What is sexual medicine?
Sexual medicine is a branch of medicine that focuses on the care of sexual health and conditions which impact sexual pleasure and, consequently, mental wellness. Sexual medicine can include aspects of reproductive care and sexually transmitted infections, but generally focuses on the functions and variations of the sex organs as they relate to sexual pleasure as experienced by people of any gender.
When is it important to visit a sexual medicine specialist instead of a general provider who might be able to treat a sexual medicine condition?
If you have symptoms that impact your sexual pleasure and your medical provider seems uncomfortable, dismissive, or lacks knowledge about what you are experiencing, you might want to consider making an appointment with a sexual medicine specialist.
Who practices sexual medicine?
Some sexual medicine healthcare providers are physicians (and their team members, like physician assistants and nurses) such as gynecologists, urogynecologists, urologists, andrologists, pelvic floor therapists, vulvovaginal clinicians, and sex therapists and counselors. Other healthcare providers may also have sexual medicine training and provide some services related to sexual health.
These providers may come from the fields of primary care (family medicine), allergy and immunology, endocrinology, gastroenterology, genetics, neurology, obstetrics, occupational therapy, oncology, pain management, physical therapy, proctology, reproductive medicine, speech language pathology, and many more.
What conditions are often under the care of a sexual medicine specialist?
When most people think of seeking out help from a sexual medicine specialist, the first consideration most think of is the treatment of erectile dysfunction. While that might be the most well-known reason to see a sexual medicine specialist, there are many more!
- Anatomy: congenital variations, fistulas, incontinence, inguinal-scrotal hernia, prolapse of the pelvic or rectal organs, and support for intersex individuals to make their own choices about their bodies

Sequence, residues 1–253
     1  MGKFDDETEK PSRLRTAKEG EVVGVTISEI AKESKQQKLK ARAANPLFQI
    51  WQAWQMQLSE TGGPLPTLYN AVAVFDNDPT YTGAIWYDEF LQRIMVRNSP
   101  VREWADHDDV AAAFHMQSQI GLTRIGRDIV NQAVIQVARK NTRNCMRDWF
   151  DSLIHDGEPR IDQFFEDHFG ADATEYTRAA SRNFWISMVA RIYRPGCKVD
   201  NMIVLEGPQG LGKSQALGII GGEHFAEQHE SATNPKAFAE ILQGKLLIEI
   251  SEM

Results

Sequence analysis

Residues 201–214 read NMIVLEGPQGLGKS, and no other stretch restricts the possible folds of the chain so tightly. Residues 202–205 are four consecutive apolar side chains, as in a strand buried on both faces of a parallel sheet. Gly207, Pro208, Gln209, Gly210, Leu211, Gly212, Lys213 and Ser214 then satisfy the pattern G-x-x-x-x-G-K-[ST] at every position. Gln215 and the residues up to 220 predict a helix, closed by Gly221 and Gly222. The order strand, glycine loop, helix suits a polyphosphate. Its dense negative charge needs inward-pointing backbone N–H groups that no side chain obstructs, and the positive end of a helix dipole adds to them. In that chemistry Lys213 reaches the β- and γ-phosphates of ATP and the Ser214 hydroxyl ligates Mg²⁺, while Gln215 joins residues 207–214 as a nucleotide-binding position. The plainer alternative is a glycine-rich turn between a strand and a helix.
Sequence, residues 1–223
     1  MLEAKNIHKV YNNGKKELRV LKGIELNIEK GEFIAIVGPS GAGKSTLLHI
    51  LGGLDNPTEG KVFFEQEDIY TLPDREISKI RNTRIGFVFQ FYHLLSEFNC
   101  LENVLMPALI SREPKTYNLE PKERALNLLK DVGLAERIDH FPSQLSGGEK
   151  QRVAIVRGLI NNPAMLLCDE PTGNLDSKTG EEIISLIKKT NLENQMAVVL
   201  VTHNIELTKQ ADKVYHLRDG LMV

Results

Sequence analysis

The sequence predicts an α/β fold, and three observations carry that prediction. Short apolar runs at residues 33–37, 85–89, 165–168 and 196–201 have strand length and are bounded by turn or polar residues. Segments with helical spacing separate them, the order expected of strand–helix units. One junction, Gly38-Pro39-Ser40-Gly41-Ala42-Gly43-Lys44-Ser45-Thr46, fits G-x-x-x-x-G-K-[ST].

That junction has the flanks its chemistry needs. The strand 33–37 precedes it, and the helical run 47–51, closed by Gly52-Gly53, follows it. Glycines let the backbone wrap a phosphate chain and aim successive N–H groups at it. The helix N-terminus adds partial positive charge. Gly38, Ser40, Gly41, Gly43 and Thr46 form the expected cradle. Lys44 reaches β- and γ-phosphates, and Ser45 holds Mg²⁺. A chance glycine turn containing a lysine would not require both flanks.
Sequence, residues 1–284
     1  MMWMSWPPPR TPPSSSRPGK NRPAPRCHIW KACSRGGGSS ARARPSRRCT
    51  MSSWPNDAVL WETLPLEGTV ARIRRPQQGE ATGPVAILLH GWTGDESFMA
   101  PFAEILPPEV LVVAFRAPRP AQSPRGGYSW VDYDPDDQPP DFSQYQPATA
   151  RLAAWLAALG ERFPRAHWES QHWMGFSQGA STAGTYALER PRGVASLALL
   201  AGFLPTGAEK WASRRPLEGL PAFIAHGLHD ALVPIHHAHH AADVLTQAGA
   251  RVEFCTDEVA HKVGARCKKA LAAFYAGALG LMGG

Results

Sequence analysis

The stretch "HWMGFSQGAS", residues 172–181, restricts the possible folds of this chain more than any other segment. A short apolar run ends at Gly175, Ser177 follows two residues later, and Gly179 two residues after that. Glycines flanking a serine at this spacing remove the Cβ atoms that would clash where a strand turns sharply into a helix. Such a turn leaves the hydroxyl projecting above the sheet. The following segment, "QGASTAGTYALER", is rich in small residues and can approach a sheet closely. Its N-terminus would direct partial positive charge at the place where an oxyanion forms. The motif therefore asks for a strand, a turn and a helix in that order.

- Orgasm: anejaculation, anorgasmia, dysorgasmia, hyperorgasmia, painful ejaculation, postorgasmic illness syndrome, premature ejaculation, retrograde ejaculation
- Painful sex: chronic pelvic pain syndrome, clitorodynia, dyspareunia, hard flaccid syndrome, interstitial cystitis, pelvic floor dysfunction, persistent genital arousal disorder, priapism, pudendal neuralgia, sexual headache, vaginismus, vestibulodynia/vulvar vestibulitis, vulvodynia
- Skin: anal tear or fissure, aphthous ulcers, hemorrhoids, lichen planus, lichen sclerosus, lichen simplex chronicus, Peyronie’s disease, plasma cell vulvitis, skin tags, vulvar atrophy and tears, vulvitis/vulvar itching
- Variance of arousal and/or desire: erectile dysfunction, hypoactive sexual desire, hyperactive sexual desire, inability to become aroused, sexual anhedonia, substance or medication induced sexual dysfunction such as post-SSRI sexual dysfunction
What are some other conditions that might be under the care of certain types of healthcare providers who have sexual medicine backgrounds?
- Allergies: latex, semen, silicone, and other ingredients in personal lubrication products and sex toys
- Cancers: anal, bladder, cervical, fallopian tube, ovarian, penile, prostate, testicular, uterine, vaginal, vulvar, vulvar intraepithelial neoplasia
- Hormones: hypoandrogenism, hypogonadism, hypopituitarism, infertility, menopause, polycystic ovarian syndrome
- Infections: bacterial vaginosis, cervicitis, chronic candidiasis, herpes and post-herpetic neuralgia, human papillomavirus, pelvic inflammatory disease, prostatitis, urinary tract infection, vaginitis, yeast infection, other sexual and non-sexual infections of the genitourinary system
- Plastic surgery: gender-affirming surgery in cases of female genital mutilation and others requiring bottom surgery
- Psychosocial: affirmation of intersex gender identity, body image; exploration of gender identity; exploration of sexual identity; feelings of anxiety, fear, or shame related to sex; improving communication between you and your partner(s); inherited attitudes about sex (often cultural, familial, religious, and societal); living with STIs; living with sexual variations or other chronic conditions that impact sex; mismatched sexual desire; relationship issues related to sex in or out of a relationship; sexual trauma; skin hunger
- Reproductive: amenorrhea, dysmenorrhea, endometriosis, menorrhagia, metrorrhagia
Why should sex educators be informed about sexual medicine?
Sex educators should be informed about sexual medicine to improve our knowledge about anatomy and sex, in all its many variations – many of which are not taught to family doctors and certainly not to high school sex education students. This means people who experience variation may not know where to seek support! A sex educator might be the first person they ask.
Sex educators should have a basic understanding of the many variations in sexual anatomy and sexual functions, as well as medical conditions that can impact sex. This helps empower sex educators for when people confide in us when they are asking for help, support, guidance, or resources.
Sex educators: Don’t forget that we are not here to diagnose and treat, but to provide education, emotional support, guidance to outside resources, and referrals to appropriate sexual medicine providers if requested.
Hot tip: Sexual medicine providers are the ultimate sex educators! If you’re a sex educator, follow some of your sexual medicine colleagues’ social accounts to learn more about sex ed than any standard curriculum or basic training program for sex educators will provide.